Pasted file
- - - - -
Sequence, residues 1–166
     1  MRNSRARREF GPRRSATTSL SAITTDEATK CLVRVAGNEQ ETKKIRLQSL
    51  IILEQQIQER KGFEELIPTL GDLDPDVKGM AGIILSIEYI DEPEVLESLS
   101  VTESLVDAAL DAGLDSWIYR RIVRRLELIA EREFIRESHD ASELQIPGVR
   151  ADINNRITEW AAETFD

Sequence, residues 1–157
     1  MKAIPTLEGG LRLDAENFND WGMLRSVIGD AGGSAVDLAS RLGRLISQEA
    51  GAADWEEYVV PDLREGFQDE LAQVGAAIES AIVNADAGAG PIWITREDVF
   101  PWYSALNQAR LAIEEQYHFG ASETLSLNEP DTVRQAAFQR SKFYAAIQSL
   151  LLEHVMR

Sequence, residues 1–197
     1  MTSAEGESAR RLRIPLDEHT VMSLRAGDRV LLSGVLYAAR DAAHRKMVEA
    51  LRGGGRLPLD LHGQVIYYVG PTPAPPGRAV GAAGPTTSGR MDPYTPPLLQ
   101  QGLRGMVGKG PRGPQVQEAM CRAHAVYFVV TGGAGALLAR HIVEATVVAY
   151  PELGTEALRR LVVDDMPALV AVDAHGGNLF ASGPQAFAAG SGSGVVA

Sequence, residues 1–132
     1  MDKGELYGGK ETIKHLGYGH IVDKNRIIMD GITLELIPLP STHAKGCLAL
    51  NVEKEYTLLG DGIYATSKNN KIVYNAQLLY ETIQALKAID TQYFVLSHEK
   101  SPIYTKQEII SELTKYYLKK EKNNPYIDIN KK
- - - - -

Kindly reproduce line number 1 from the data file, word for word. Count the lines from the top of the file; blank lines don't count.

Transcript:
Sequence, residues 1–166